Going green is good for business, especially when companies disclose their environmentally friendly practices, according to new research in Green Supply Management. Annachiara Longoni, Director of ESADE's BuNeD research group, has published empirical research that shows how disclosing environmental practices can benefit a firm's performance. "Companies that are transparent and make their environmental practices public are likely to improve their financial outcome," says Prof. Longoni. "Our findings demonstrate that the broader the environmental disclosure practices, the greater and more positive the impact on financial performance." To test their hypothesis, Prof. Longoni and her co-author Prof. Raffaella Cagliano from Politecnico di Milano looked into the green supply-chain practices of more than one hundred top Italian food firms: "The food industry is a useful context for analyzing the impact of environmental disclosure initiatives, since the public has started to pay more attention to the responsible behaviors of food companies." The researchers measured the level of environmental disclosure practices and compared the average return on investment of these firms to that of their industry peers. Sharing environmental practices with a variety of stakeholders increases a firm's financial performance Broad disclosure practices The findings confirm that sharing environmental practices with a variety of stakeholders increases a firm's financial performance. But not all stakeholders are equal: improvement levels vary according to the type of stakeholders chosen. When environmental disclosure practices are limited and restricted to primary stakeholders - such as suppliers, distributors, customers and final consumers, shareholders, employees and unions, and the local community - financial performance is not improved on average. However, when environmental disclosure practices are more comprehensive and include a wider range of stakeholders - such as industrial associations and NGOs, mass media, regulatory institutions, banks, the scientific community and research institutions - financial performance is significantly improved. Examples of sustainable practices The type of information companies in the study disclosed included internal green supply-chain management practices in production processes - for example, efforts to reduce consumption of raw materials, water and energy, as well as pollution emissions. Regarding external green supply-chain management practices, the information disclosed was related to supplier selection on the basis of sustainability competencies, sustainability performance and reputation, certifications, and overall capacity to develop sustainable products. The weak link: environmental performance Disclosing environmental practices is good for business, but not so good for improving environmental performance. Companies that make their environmental practices public are not necessarily more committed to addressing sustainability issues. In fact, disclosing this information through channels such as CSR reports could sometimes be a marketing tool to enhance brand image among stakeholders. "Concerns among academics and practitioners are emerging about how statements in disclosure practices compare with the firm's real commitment to addressing sustainability issues," state the authors. The study suggests that companies that disclose their environmental practices do not necessarily improve their environmental performance. In fact, the researchers warn that an imbalance between the level of information disclosed and the firm's real commitment to addressing sustainability issues could have negative consequences: "Discrepancies between environmental information disclosed and a firm's actual green practices may preclude both the possibility of creating a positive firm image and improving financial performance, and establishing a dialogue with stakeholders to improve environmental performance." You may also like: Hiring a Chief CSR Officer improves firm performance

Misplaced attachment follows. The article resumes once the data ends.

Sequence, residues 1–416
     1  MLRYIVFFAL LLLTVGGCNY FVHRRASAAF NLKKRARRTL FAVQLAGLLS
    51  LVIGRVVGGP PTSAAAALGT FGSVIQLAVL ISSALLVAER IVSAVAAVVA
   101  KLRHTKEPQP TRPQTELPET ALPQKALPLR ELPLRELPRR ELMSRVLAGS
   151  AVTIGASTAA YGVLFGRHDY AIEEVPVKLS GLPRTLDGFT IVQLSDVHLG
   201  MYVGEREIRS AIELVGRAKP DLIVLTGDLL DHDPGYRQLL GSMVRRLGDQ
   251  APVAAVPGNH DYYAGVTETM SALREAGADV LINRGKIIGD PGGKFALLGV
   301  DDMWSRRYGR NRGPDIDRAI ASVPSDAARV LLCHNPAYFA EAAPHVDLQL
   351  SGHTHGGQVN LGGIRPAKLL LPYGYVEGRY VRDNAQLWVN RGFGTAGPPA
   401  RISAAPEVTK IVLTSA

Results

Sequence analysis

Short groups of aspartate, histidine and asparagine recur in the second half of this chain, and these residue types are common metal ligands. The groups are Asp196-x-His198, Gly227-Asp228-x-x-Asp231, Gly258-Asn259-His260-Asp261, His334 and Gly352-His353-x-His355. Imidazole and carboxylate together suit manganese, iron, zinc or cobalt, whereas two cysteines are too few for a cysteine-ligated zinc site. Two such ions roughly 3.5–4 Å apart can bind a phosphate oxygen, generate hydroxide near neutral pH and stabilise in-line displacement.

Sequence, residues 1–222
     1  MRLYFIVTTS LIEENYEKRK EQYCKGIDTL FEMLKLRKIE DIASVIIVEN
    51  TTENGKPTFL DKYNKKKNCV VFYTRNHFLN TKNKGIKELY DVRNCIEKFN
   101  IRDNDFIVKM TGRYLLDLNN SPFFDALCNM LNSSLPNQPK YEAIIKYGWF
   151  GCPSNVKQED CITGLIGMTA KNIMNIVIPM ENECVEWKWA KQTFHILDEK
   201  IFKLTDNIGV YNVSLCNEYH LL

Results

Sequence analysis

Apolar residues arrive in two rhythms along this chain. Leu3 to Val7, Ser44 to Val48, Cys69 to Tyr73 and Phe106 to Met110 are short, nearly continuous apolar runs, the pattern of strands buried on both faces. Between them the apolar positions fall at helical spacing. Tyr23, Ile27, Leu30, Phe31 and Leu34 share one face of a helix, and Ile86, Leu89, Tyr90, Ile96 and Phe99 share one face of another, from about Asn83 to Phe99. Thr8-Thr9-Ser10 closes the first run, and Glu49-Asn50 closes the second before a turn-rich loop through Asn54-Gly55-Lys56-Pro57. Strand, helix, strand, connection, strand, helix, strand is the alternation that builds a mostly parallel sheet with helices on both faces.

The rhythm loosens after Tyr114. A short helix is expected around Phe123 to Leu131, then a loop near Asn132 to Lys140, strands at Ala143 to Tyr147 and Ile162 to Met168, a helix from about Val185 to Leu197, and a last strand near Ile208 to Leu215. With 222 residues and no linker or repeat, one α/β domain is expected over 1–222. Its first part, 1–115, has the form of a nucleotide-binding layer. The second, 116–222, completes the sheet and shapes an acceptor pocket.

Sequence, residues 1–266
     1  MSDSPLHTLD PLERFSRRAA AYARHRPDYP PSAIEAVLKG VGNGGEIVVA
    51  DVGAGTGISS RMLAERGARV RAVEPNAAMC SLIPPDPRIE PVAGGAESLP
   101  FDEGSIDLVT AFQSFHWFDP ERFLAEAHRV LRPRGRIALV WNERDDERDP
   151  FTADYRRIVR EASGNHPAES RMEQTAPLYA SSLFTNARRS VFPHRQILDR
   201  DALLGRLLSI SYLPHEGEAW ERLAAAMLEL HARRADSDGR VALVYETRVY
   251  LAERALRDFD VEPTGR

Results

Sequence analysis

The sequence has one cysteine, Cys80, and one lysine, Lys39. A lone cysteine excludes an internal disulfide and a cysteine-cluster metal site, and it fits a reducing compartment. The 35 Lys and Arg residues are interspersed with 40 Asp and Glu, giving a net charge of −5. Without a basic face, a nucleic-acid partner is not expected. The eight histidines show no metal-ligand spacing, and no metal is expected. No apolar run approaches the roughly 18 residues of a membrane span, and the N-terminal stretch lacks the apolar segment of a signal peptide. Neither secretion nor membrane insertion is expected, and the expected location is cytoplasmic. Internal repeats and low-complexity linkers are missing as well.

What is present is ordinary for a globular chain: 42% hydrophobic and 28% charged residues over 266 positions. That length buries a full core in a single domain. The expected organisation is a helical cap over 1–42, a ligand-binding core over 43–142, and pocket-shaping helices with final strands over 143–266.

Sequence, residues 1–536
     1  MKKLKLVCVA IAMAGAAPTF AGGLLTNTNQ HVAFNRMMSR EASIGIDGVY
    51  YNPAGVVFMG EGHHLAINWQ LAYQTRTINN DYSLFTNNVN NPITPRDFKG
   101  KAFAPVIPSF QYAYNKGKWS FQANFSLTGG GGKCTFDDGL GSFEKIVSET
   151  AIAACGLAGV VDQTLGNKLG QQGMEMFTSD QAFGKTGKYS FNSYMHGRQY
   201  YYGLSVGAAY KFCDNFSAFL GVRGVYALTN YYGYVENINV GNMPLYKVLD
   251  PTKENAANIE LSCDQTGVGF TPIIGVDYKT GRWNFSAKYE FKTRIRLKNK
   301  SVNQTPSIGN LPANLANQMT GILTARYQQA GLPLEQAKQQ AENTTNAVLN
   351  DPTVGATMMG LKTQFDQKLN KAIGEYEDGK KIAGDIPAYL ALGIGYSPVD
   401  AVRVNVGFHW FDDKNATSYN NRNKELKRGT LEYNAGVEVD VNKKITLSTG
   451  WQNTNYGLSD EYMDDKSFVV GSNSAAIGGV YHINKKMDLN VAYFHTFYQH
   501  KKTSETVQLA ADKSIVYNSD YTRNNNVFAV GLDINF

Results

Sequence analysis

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Why disclosing green practices can be a profitable business practice

12/2018

Going green is good for business, especially when companies disclose their environmentally friendly practices, according to new research in Green Supply Management.


Annachiara Longoni, Director of ESADE's BuNeD research group, has published empirical research that shows how disclosing environmental practices can benefit a firm's performance.